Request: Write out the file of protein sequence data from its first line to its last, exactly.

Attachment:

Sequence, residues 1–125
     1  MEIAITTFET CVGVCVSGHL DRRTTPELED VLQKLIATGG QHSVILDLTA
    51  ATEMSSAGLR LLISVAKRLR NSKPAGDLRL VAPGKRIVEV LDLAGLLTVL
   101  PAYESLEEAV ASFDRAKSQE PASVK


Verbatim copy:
Sequence, residues 1–125
     1  MEIAITTFET CVGVCVSGHL DRRTTPELED VLQKLIATGG QHSVILDLTA
    51  ATEMSSAGLR LLISVAKRLR NSKPAGDLRL VAPGKRIVEV LDLAGLLTVL
   101  PAYESLEEAV ASFDRAKSQE PASVK